Exquisite Guitar Soloist Highlights RV Symphony’s Latest Concert Triumph
– by Lee Greene
Some time ago, I wrote that Music Director of the Rogue Valley Symphony, Martin Majkut, had “transformed . . . the orchestra into a top notch regional symphony orchestra, bringing high energy to the task of running the orchestra and it’s musicians, offering new pieces of music as well as a fresh outlook and insight into the standard classical repertoire, drawing quality musicians into the orchestra and “A” list soloists to join in its performances, and demonstrating an uncanny knack for assembling compelling and exciting concert programs.” [Chef Majkut Serves Up a Winning Feast as Rogue Valley Symphony Opens Its Season, Jacksonville Review, http://bit.ly/1rdQfYJ ] The question then, long since answered in the affirmative, was whether “he could keep it up”: continue to find ways to present “first rank major symphony company” quality concerts to the organization’s Southern Oregon audience. In the ensuing period of time, he has continued to raise the standard of excellence of the organization’s performances and its concerts, which I’ve had the occasion to repeatedly document in review after review. [See, e.g., Maestro Martin Majkut Ups the Ante Again With An Outstanding Concert to Open the RVS Season, http://bit.ly/1VLeIdJ; Rogue Valley Symphony’s Masterworks 2 Concert: Now Even Outperforming Major Metropolitan Orchestras, http://bit.ly/1RunuWY; Rogue Valley Symphony Masterworks Concert 3: A Celebration of Unsurpassed Beauty, http://bit.ly/1RVEvx7] Clearly, I am not imagining this, as I am not alone in my assessment of Dr. Majkut’s work with this orchestra; the League of American Orchestras recently named Maestro Majkut as one of its 2016 Emerging Artists conductors in recognition of what he is accomplishing with the Rogue Valley Symphony. [Emerging Artists 2016, Symphony Magazine, Winter 2016, p. 59, http://bit.ly/1YsmVks]
So it comes as no surprise that Dr. Majkut once again had the symphony performing at the top of its game during its most recent concert, 2015-16 Masterworks Concert 4 over the weekend of February 26-28, 2016. But the most notable takeaway from this latest outing of the Rogue Valley Symphony wasn’t the quality of the orchestra’s performance, which remains uncommonly top-notch, and surprisingly so for this market. Instead, what really made this concert special was the contribution of the latest “A” list soloist Maestro Majkut (with the assistance of his able cohort, Symphony Executive Director Jane Kenworthy, of course) managed to secure to collaborate with his orchestra for this concert, the exquisite classical guitar virtuoso, Ana Vidović. Also notable was the selection of pieces Dr. Majkut assembled for this latest compelling and exciting concert program.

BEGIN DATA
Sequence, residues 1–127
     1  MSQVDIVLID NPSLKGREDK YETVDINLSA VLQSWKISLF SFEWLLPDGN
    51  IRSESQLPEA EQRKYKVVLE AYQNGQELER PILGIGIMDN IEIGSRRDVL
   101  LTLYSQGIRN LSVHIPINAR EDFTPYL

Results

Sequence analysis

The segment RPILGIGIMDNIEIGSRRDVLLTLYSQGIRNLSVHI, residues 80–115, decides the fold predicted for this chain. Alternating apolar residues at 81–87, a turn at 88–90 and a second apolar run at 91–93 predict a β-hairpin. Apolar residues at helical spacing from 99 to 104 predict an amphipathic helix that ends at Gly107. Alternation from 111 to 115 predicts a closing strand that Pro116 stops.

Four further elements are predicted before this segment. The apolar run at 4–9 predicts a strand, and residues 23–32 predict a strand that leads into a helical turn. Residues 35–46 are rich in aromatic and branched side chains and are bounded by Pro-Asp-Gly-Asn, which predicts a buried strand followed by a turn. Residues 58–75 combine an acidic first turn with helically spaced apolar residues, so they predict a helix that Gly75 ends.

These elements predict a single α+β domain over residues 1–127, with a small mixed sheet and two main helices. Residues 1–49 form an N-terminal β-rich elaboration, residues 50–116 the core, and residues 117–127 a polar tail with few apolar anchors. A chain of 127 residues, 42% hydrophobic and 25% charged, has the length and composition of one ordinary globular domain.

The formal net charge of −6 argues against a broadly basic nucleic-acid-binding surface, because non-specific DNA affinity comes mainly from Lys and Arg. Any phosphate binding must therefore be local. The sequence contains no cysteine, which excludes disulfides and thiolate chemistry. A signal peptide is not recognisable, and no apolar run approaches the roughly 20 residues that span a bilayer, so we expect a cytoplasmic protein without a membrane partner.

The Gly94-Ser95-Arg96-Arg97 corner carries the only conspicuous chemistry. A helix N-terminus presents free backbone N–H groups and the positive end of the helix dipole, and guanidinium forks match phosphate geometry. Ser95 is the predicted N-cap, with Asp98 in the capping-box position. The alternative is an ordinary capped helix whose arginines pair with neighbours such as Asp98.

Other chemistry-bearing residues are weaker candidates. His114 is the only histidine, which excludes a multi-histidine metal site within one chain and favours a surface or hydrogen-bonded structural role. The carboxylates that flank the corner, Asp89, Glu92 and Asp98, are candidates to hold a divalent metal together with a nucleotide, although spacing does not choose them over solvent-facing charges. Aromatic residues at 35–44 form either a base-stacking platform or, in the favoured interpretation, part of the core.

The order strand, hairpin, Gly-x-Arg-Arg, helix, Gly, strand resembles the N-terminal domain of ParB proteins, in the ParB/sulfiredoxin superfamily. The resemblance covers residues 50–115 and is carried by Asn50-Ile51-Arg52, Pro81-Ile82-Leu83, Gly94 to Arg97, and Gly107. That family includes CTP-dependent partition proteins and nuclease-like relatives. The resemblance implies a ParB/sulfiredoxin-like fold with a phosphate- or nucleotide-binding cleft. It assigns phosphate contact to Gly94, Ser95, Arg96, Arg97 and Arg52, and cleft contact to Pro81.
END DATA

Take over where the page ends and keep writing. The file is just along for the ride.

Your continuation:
Ms. Vidović is a Croatian virtuosa classical guitarist- a child prodigy who began playing guitar at the age of 5, was performing by the age of 8, performing internationally at the age of 11, and at age 13 became the youngest student to attend the prestigious Academy of Music in Zagreb where she studied with Professor Istvan Romer. [Wikipedia, Ana Vidović, http://bit.ly/1LQ9pFu] Her reputation as a guitar wunderkind got her an invitation to study at the Peabody Conservatory in Baltimore, MD, with Manuel Barrueco, from where she graduated in May 2003. [Ibid.] She has subsequently resided in the United States, while traveling around the world to maintain her international performance career. She has given over 1000 public performances since 1988. Ms. Vidović has won an impressive number of prizes and international competitions all over the world. These include first prizes in the Albert Augustine International Competition in Bath, England, the Fernando Sor competition in Rome, Italy, and the Francisco Tárrega competition in Benicasim, Spain. Other top prizes include the Eurovision Young Musicians competition, the Mauro Giuliani competition in Italy, the Printemps de la Guitare in Belgium, and the Young Concert Artists International Auditions in New York. And she’s still only a fetching young 35 years of age, with many more years of performances to look forward to. Having received some criticism (“sexist”, “politically incorrect”) when I commented favorably in a previous review about a violin soloist’s appearance, I want to be careful this time. Since the audience seemed to take notice and comment about Ms. Vidović ‘s appearance, I think it IS relevant for me to include that in an accurate report of the concert. But I will settle for quoting and vouching for the accuracy of a previous reviewer’s published observations: